Saturday, March 24, 2007

from Dion whining to Harper the bully ...

Dear Stephane: Be a man
to the:
Guy next door one day, partisan bully another

Guy next door one day, partisan bully another
This prime minister offers voters a two-for-one deal
Mar 24, 2007 James Travers TheTorontoStar

Stephen Harper is a two-for-one prime minister. First, there is the one who grew so quickly into the job, and, then, there is the partisan bully who hits below the belt.

Both were on display this week. Harper's shrewd stratagems were everywhere in Monday's budget, and today his party is still controlling the damage from his nasty crack about Taliban prisoners, Canadian troops and Liberal patriotism.

Fiscal plan and malicious jab have now been debated. But what's still escaping close examination is this government's willingness to showcase what many, including some Conservatives, consider his second – and unpleasant – personality.

That's the Harper who dumbs-down the public policy debate until it fits on a bumper sticker. That's the one who, in preparation for a possible spring election, is dissing his principal foes as anti-police, soft on terrorism and more concerned with coddling enemy combatants than the safety of soldiers fighting in Afghanistan.

Call them slurs, smears or just federal politics as usual, they share a partisan beauty that's barely skin-deep.

Hidden below the surface are the delicate balances between national security and personal privacy, fighting crime and safeguarding judicial independence, as well as supporting the troops and scrutinizing the mission.

Canadians of goodwill and thoughtful disposition can and should disagree on the most appropriate tipping point.

After all, democracies everywhere are struggling with the defining issues of a new century already off to a stumbling start.

Still, what's intriguing as well as dispiriting is Harper's reluctance to encourage that debate. Instead, he and his handlers are making an obvious and determined effort to present the Prime Minister as something he's not – the guy next door who knows in his gut what's right and wrong.

That's not the Harper a select few is permitted to see. And it's not the one ministers, mandarins and diplomats know and even those with opposed views grudgingly admire.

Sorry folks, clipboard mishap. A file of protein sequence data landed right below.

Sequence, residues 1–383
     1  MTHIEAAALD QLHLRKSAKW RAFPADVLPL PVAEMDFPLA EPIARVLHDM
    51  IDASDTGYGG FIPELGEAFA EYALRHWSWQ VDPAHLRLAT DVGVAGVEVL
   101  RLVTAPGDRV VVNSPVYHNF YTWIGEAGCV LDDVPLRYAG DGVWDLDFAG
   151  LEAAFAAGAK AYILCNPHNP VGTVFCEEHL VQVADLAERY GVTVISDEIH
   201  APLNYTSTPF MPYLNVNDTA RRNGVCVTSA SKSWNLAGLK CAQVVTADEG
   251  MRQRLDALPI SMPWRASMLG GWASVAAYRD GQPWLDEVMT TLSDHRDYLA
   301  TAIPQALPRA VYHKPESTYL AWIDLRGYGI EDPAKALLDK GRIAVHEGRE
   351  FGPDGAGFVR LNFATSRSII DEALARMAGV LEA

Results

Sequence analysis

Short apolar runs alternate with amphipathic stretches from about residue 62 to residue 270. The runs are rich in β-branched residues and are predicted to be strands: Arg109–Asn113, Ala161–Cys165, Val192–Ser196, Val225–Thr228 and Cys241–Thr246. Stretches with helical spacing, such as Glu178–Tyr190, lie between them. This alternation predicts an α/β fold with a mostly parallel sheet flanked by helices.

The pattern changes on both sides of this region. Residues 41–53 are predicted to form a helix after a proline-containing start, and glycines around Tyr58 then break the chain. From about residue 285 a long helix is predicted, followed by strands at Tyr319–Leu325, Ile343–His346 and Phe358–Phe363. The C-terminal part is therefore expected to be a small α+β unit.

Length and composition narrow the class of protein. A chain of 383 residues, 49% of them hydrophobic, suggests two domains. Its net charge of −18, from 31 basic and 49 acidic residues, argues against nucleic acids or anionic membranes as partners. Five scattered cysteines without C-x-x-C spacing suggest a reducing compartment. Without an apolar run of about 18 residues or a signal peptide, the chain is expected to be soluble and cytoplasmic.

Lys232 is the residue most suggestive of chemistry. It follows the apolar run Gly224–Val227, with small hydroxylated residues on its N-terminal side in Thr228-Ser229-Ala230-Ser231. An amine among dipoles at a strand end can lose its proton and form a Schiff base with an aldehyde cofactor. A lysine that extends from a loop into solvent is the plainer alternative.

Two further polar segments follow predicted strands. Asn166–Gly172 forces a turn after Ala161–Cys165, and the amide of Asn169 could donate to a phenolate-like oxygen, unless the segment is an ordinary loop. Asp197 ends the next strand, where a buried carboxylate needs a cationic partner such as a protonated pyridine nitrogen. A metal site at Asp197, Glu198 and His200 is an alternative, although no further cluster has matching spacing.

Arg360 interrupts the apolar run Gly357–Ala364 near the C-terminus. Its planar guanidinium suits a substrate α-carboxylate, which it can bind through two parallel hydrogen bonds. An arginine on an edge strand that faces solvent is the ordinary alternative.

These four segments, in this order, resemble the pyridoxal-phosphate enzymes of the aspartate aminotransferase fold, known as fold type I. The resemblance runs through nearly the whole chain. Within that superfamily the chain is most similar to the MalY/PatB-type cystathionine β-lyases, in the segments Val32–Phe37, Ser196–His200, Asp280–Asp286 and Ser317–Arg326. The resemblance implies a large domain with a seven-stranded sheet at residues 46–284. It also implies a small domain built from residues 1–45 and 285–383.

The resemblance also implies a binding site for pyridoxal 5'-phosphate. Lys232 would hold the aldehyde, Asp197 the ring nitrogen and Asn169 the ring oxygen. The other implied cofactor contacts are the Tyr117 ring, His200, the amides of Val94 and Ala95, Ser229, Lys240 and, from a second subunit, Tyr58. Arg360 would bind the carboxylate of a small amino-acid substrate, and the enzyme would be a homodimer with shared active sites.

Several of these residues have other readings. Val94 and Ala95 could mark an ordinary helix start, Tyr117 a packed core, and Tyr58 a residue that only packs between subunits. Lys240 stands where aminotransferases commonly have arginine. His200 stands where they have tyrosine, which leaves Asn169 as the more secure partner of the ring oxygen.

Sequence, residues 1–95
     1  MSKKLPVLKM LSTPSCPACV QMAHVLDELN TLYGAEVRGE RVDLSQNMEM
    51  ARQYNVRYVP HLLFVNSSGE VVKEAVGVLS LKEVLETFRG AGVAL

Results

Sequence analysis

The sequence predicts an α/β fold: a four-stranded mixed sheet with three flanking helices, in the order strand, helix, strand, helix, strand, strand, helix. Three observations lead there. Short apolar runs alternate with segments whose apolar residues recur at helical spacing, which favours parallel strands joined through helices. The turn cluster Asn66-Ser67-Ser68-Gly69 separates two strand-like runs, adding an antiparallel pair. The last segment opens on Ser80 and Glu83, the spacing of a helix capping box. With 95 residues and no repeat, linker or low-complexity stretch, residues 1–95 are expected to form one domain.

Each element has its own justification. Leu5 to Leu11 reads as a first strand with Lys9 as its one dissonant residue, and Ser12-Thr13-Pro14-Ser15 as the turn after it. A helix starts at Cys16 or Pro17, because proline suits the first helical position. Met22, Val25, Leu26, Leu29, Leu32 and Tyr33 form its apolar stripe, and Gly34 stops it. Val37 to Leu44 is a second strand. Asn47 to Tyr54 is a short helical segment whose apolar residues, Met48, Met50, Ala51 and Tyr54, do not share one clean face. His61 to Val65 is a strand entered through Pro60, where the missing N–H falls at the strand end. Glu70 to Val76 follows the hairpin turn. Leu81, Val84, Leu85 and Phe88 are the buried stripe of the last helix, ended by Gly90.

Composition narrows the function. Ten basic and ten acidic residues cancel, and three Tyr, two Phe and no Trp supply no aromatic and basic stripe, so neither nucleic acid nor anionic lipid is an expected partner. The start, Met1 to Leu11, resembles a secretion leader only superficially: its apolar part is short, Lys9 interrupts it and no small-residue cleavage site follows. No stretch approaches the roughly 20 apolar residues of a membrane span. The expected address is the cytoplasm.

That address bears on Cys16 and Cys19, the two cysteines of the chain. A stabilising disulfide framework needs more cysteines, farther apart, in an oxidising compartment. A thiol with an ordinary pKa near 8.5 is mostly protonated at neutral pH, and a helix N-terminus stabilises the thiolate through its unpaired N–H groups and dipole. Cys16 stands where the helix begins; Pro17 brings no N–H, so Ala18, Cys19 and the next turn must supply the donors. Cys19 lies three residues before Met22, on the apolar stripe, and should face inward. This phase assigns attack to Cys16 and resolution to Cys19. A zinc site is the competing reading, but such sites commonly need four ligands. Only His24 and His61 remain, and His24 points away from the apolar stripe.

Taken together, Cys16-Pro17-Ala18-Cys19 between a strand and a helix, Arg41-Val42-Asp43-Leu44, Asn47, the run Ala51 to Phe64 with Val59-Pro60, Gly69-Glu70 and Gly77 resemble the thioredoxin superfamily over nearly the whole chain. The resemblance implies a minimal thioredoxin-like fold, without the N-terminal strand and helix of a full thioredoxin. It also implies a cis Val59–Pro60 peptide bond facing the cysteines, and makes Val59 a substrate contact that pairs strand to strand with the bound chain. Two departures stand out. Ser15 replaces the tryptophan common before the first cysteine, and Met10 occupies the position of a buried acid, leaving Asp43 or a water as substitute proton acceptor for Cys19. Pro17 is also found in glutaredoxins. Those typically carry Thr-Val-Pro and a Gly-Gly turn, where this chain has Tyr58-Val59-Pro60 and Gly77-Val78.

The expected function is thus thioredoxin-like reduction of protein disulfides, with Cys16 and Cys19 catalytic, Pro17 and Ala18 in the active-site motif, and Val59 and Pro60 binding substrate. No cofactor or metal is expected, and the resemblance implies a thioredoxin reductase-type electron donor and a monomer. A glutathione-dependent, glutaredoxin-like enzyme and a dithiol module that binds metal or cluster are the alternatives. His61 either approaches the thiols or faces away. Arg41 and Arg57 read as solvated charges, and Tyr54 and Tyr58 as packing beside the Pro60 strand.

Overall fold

That Harper is more policy wonk than obliging neighbour, someone who's consumed by ideas shaped by ideology.

That's also the Prime Minister who lives to work and knows government files well enough to easily hold his own with top bureaucrats and world leaders.

Which one shows up is often a matter of circumstance.

A week ago tonight, Harper was in Toronto delivering a speech to Conservative candidates and loyalists that came closest yet to explaining the enigma and the contradiction.

Road-testing campaign rhetoric, Harper talked expansively about the mountains, rivers and people that infused Jean Chr├ętien's my-Canada stump speech before adding this: "I didn't get back into politics to theorize. I returned to politics to make a difference, to get things done."

Judging how well he's succeeding is more a matter of observation than discussion since the Prime Minister now only talks regularly to reporters who kowtow to media controls that will inevitably force press freedom to its knees.

But it's reasonable to conclude that he's wrapping ivory-tower thinking in a mix of coffee-shop populism and partisan pragmatism.

Stripped to its essentials, Harper's vision is unusually clear.

He is largely content with the relationship between federal and provincial governments as it was written in 1867 with quill pens, prefers Ayn Rand's muscular individualism to Tommy Douglas' caring collectivism, and is more comfortable taking sides internationally than bridging differences.

Harper can be candid about his purpose even if his frankness sounds a bit like paranoia when he divides the country into an us-and-them conflict, pitting interests (and intellectuals) against just plain folks. One example pops from last week's Toronto text: "We cannot worry about what they say about us around boardroom tables but we must care what they talk about at the kitchen tables."